Did you know that it is a tradition to lower the American flag to half staff until noon on Memorial Day, as a sign of respect? Here are what the flag’s colors symbolize:
White stands for purity and innocence
Red stands for valor and hardiness.
Blue stands for vigilance, perseverance
Sidebars on each page of this picture book are filled with quotes from presidents including Lincoln, Reagan, Clinton and George W. Bush, as well as historical figures quoted from General Robert E. Lee, General John A. Logan, and Nathan Hale.
Young readers can read about “Joining in the Spirit of Memorial Day” at the close of the book, suggesting some seven ways to participate in the day, and honor those, including their own relatives, who may have died in the line of duty.
I guess my favorite part is the last chapter; the poems and songs that evoke the essence of Memorial Day. Some I knew, some I had forgotten or never knew in their completeness.
But “Taps,” with words in their entirety, is featured in the “Song” portion. Played by a single trumpet as the traditional music played at funerals of fallen soldiers, it’s pureness and poignancy in sound and symbol is what Memorial Day is about.
And here are the words:
Fading light dims the sight,
And a star gems the sky, gleaming bright.
From afar drawing nigh comes the night.
Day is done, gone the sun.
From the lakes, from the hills, from the sky.
All is well, safely rest, God is nigh.
words and music by Major
General Daniel Butterfield (1831-1901)
*Here is “Taps,” played at Arlington National Cemetery, both in summer, and in a driving snow storm.Add a Comment
Blog: OUPblog (Login to Add to MyJacketFlap)
JacketFlap tags: *Featured, Arts & Humanities, Philosophy, Politics, Quizzes & Polls, Hobbes, Leviathan, Philosopher of the Month, philosopherotm, philosopherotm quiz, philosophy of politics, Philosophy Quiz, political philosophy, political science, quiz, Thomas Hobbes, western philosophy, Add a tag
This May, the OUP Philosophy team honors Thomas Hobbes (April 5, 1588 – December 4, 1679) as their Philosopher of the Month. Hobbes is remembered as the author of one of the greatest of books on political philosophy ever written, Leviathan, in which he argued with a precision reached by few other thinkers.Add a Comment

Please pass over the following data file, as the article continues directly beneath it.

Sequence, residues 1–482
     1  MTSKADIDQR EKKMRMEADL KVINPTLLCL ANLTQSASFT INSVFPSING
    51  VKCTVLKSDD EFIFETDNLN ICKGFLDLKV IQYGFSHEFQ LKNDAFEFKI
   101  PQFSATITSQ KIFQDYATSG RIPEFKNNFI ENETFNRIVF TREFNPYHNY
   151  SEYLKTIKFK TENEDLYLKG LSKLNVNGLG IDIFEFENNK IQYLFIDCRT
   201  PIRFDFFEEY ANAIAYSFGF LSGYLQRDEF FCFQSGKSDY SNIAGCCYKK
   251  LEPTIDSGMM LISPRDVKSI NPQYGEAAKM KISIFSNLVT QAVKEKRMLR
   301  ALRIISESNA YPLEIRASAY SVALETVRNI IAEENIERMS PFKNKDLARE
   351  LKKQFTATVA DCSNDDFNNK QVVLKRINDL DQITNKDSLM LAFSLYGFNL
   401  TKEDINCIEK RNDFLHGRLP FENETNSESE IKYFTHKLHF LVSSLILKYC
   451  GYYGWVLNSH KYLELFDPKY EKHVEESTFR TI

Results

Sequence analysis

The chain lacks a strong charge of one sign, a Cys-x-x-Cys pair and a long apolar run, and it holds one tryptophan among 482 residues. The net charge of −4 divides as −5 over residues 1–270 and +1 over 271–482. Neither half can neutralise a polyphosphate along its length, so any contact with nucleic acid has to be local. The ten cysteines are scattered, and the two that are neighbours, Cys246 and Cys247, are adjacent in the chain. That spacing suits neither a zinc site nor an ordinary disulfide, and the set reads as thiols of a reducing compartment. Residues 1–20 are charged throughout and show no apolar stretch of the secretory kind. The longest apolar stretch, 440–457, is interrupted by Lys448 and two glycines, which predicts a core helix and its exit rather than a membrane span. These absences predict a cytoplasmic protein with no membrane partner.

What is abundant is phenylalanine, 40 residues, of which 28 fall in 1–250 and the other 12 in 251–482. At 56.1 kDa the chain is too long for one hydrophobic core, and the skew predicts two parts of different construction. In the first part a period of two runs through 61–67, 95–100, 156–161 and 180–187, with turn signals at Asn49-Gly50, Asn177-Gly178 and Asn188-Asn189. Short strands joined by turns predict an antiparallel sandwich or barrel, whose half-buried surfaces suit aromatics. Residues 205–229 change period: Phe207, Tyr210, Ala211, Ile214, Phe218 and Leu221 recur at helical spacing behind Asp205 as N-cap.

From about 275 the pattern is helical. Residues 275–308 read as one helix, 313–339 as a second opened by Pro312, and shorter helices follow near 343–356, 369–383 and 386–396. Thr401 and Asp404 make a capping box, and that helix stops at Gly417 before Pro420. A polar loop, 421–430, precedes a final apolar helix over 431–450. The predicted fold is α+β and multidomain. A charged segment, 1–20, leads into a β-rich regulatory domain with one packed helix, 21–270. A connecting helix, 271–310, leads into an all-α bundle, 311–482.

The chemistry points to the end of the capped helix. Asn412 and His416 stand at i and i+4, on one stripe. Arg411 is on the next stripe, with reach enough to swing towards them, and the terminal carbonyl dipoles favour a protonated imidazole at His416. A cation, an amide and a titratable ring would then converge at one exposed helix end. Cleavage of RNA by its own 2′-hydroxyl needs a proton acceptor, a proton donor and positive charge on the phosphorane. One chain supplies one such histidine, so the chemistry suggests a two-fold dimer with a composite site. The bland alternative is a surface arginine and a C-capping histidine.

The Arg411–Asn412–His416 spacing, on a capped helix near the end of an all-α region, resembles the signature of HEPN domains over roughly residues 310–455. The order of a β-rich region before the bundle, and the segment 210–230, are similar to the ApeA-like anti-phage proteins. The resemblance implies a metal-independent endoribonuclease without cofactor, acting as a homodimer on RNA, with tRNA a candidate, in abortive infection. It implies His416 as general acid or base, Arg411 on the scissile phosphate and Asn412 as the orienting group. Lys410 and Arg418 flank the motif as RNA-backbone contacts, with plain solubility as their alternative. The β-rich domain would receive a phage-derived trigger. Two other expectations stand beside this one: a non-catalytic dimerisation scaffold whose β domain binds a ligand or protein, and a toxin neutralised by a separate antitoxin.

Blog: OUPblog (Login to Add to MyJacketFlap)
JacketFlap tags: *Featured, Art & Architecture, Arts & Humanities, Books, Literature, Religion, Theatre & Dance, 400th anniversary, Dr Faustus, extract, Fantastic Metamorphoses, Illuminating Shakespeare, macbeth, Marina Warner, Other Worlds, Other Worlds: Ways of Telling the Self, shakespeare, Shakespeare and Magic, Shakespeare and the Supernatural, Add a tag
Human beings are subject to a continual process of bodily transformation, but shape-shifting also belongs in the landscape of magic, witchcraft, and wonder. Marina Warner, in her award-winning essays Fantastic Metamorphoses, Other Worlds: Ways of Telling the Self, explores this idea ranging from Ovid to Lewis Carroll. In the extract below she looks at Shakespeare's use of magic and demons
The post “Aery nothings and painted devils”, an extract from Fantastic Metamorphoses, Other Worlds appeared first on OUPblog.Add a Comment
Blog: Pub(lishing) Crawl (Login to Add to MyJacketFlap)
JacketFlap tags: Industry Life, PubCrawl Podcast, Genres, Romance, Add a tag
This week JJ and Kelly conclude their series on genres in publishing with ROMANCES. Also, we reveal the depth of our Harry Potter nerdery and our deep fandom past. TRIGGER WARNING: We discuss rape and consent in Old School romances.
- Smart Bitches, Trashy Books (and their podcast!)
- Romance is the largest market of publishing in terms of sheer number of books being published, units being sold, as well as cash flow.
- We discussed the hallmarks of other genres, but romance really only has the one: your main couple must end up in a relationship by the end of the book (the so-called HEA, or Happily Ever After, or the HFN, or Happily For Now).
- Romance is a staple of publishing, and is a large part of what we now consider the literary “canon” but the modern romance novel as we knew it first came into existence in the 1970s. According to the Smart Bitches, the “first” modern romance novel is The Flame and the Flower by Kathleen E. Woodiwiss.